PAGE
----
Policy & Politics
USA Today Examines Controversies Surrounding HIV/AIDS Prevention; Presidential Candidates Differ in Approaches
October 28, 2004
USA Today on Thursday examined some of the controversies surrounding HIV/AIDS prevention and the differences between President Bush's and Democratic presidential nominee Sen. John Kerry's (Mass.) proposals for preventing the spread of HIV and other sexually transmitted diseases. The "tension between science and ideology" has become a major component in the presidential campaign, with Bush and Kerry disagreeing about the effectiveness of condom use in preventing HIV, according to USA Today. Bush believes that condoms are not always the best method to prevent the spread of HIV, and he and his congressional allies have supported funding for groups that promote the "virtues of abstinence," USA Today reports. Kerry has alleged that Bush "puts ideology ahead of science" by requiring government-funded HIV prevention groups to point out condom failure rates in their education programs, according to USA Today. Kerry has said he supports programs that emphasize abstinence and monogamy but also discuss condom use as a way to prevent HIV transmission (Sternberg, USA Today, 10/28). The complete article is available online.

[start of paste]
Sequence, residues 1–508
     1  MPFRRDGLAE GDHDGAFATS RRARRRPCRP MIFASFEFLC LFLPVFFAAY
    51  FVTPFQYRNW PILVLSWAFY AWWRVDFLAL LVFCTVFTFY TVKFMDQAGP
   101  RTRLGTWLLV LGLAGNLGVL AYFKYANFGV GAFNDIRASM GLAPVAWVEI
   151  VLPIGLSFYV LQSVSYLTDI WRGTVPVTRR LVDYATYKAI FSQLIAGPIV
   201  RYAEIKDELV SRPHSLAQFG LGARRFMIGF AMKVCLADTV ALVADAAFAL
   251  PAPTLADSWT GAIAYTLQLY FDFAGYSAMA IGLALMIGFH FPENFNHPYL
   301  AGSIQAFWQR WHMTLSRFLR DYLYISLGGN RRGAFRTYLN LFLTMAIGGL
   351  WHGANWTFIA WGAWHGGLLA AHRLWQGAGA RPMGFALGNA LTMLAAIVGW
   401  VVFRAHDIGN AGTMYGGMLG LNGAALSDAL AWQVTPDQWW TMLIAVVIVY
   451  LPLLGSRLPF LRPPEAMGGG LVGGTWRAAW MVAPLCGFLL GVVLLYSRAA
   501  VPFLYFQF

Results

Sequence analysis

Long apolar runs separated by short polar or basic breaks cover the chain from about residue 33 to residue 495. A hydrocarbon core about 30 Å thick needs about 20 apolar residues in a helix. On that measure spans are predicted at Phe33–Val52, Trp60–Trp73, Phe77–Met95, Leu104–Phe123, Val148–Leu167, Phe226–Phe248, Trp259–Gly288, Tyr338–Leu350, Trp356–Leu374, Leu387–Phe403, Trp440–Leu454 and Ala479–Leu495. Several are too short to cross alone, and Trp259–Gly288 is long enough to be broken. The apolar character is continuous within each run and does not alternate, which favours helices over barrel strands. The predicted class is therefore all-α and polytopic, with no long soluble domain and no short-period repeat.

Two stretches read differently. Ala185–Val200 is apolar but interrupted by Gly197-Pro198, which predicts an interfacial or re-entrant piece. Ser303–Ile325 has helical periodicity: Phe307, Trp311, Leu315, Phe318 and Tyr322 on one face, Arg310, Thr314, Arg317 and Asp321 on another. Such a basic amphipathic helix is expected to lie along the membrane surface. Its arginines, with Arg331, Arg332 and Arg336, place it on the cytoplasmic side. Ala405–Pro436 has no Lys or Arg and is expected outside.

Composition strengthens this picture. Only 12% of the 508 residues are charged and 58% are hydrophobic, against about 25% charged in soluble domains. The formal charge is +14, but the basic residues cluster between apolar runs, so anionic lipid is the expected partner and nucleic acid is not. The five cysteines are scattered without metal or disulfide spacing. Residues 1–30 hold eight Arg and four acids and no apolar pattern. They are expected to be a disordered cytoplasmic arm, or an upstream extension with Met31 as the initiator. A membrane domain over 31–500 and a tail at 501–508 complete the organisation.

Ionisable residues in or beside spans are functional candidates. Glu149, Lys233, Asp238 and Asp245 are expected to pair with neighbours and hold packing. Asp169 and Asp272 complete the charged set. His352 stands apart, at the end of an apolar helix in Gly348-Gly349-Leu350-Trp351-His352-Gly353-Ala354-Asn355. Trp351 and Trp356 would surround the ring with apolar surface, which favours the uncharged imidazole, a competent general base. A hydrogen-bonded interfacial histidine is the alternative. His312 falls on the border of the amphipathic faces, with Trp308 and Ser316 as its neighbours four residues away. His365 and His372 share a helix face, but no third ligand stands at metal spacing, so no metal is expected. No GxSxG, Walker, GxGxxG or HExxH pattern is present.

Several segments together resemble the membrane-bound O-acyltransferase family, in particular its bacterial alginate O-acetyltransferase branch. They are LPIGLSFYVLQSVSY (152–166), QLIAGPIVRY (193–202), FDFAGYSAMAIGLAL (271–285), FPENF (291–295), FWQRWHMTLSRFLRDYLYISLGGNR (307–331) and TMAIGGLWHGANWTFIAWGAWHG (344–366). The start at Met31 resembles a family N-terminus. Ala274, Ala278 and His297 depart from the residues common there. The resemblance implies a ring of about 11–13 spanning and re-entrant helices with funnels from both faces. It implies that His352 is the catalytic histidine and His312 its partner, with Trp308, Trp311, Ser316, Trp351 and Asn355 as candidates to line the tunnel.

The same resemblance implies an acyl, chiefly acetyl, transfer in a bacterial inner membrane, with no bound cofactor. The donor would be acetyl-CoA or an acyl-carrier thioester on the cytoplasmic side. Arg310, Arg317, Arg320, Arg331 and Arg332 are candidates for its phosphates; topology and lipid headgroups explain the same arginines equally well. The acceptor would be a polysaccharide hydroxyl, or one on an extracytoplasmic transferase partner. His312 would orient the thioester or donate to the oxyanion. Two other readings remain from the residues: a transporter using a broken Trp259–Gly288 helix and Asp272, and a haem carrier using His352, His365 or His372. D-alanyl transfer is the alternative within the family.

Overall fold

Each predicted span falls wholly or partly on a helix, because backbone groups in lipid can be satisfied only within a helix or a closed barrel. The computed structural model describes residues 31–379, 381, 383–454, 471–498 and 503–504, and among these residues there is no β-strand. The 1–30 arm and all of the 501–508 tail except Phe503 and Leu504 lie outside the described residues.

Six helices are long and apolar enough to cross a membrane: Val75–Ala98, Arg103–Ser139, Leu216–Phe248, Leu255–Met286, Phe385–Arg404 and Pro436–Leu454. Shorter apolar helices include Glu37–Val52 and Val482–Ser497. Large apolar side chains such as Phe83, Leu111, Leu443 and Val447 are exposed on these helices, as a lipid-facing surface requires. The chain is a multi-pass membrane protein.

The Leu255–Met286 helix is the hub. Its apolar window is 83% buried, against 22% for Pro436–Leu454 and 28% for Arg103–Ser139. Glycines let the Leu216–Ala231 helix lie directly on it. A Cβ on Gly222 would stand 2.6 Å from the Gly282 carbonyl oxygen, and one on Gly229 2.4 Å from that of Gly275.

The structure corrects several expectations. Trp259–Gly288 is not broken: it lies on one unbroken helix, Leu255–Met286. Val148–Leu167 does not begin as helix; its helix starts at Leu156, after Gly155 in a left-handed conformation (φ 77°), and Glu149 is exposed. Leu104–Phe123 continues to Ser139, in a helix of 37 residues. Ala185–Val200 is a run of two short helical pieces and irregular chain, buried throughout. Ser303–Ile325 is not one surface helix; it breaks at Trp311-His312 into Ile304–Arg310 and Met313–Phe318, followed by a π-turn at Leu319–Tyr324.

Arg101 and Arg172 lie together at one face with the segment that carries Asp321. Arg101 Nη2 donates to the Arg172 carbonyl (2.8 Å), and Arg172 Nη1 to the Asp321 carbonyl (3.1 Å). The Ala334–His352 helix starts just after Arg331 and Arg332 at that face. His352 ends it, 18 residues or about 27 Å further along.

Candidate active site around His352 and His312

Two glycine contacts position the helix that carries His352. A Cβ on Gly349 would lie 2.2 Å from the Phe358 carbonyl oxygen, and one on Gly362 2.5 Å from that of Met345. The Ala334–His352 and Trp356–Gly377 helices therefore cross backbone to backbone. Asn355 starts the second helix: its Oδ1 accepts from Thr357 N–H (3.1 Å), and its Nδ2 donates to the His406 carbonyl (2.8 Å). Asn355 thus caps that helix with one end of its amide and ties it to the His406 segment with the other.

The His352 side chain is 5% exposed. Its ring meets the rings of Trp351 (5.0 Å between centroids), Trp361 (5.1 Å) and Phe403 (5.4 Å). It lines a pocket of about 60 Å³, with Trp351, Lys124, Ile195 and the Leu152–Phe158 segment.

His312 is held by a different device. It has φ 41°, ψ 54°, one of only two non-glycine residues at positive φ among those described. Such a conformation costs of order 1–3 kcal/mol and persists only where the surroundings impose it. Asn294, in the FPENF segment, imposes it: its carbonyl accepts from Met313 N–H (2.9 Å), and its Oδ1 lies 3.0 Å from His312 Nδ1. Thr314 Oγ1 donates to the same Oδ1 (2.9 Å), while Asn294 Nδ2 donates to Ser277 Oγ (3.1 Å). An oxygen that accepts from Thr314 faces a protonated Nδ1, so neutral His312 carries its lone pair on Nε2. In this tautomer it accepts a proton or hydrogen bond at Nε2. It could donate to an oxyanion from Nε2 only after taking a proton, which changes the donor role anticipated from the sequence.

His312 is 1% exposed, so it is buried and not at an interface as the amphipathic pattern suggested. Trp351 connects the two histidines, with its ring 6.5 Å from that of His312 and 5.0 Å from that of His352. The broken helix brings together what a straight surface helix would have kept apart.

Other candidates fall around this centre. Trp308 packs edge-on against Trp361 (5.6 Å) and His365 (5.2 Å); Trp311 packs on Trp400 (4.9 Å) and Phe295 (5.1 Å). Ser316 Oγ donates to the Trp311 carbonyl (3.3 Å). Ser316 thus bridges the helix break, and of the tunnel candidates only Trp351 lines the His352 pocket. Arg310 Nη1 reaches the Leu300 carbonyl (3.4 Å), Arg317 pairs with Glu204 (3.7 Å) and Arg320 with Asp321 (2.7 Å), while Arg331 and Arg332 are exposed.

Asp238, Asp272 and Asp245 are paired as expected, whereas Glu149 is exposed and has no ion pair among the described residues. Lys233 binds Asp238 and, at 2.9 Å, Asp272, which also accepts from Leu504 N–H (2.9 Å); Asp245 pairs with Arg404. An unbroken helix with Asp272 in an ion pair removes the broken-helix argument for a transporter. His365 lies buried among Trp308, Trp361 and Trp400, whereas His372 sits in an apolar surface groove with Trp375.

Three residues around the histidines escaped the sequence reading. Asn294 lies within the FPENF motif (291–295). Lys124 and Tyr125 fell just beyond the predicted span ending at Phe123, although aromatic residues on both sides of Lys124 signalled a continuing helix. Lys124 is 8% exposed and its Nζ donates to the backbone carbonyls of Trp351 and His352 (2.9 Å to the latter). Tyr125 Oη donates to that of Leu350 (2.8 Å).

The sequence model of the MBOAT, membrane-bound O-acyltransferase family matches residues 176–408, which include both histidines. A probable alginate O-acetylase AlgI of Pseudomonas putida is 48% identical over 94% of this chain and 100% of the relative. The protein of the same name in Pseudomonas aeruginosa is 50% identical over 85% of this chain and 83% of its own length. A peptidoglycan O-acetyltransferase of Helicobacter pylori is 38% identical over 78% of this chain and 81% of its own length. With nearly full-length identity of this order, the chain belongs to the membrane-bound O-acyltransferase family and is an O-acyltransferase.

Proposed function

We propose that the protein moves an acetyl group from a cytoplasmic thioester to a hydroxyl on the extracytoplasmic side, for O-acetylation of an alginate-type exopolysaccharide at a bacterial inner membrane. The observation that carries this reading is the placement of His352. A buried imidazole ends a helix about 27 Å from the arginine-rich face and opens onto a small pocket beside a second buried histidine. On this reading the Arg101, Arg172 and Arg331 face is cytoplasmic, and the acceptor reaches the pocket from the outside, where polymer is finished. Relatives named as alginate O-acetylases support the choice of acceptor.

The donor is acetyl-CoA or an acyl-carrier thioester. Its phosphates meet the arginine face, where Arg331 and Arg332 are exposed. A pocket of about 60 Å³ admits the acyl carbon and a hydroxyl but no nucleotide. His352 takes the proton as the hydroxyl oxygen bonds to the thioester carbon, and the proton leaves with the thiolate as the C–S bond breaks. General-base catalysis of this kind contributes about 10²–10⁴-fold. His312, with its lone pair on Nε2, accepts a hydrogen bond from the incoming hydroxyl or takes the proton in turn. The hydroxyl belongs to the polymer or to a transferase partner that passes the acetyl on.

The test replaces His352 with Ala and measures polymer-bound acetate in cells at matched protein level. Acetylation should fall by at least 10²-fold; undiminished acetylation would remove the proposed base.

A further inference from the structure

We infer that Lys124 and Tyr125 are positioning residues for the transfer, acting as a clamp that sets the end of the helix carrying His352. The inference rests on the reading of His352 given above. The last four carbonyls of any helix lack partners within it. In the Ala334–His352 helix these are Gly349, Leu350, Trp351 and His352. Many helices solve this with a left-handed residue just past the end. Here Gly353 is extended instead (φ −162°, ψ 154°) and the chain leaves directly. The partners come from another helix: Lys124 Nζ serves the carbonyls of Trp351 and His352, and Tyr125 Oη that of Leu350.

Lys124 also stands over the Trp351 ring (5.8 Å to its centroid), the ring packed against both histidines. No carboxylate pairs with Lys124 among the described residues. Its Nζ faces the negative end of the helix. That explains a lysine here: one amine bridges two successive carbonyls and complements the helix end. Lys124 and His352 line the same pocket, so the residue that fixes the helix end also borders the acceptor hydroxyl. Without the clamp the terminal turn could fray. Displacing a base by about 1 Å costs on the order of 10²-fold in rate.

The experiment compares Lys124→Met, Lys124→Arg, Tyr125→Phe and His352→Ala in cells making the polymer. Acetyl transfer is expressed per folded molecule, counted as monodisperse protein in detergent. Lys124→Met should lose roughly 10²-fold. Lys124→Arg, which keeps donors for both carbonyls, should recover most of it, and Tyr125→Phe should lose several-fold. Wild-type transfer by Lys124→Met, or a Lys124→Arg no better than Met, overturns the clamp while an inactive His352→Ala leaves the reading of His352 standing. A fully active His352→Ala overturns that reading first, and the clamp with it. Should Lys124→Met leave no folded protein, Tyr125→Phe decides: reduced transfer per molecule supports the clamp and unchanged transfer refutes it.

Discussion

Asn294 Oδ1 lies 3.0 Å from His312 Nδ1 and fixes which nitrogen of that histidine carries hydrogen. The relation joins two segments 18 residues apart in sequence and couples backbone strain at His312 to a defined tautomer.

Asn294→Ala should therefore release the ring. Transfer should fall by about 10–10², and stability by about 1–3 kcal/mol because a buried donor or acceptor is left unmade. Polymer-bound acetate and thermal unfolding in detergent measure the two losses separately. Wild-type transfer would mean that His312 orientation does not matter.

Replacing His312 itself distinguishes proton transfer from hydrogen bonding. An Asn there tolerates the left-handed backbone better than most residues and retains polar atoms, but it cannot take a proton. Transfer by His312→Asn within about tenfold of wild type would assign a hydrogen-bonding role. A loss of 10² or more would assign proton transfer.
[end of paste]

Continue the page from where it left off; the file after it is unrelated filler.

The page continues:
This article was provided by Henry J. Kaiser Family Foundation. It is a part of the publication Kaiser Daily HIV/AIDS Report. Visit the Kaiser Family Foundation's website to find out more about their activities, publications and services.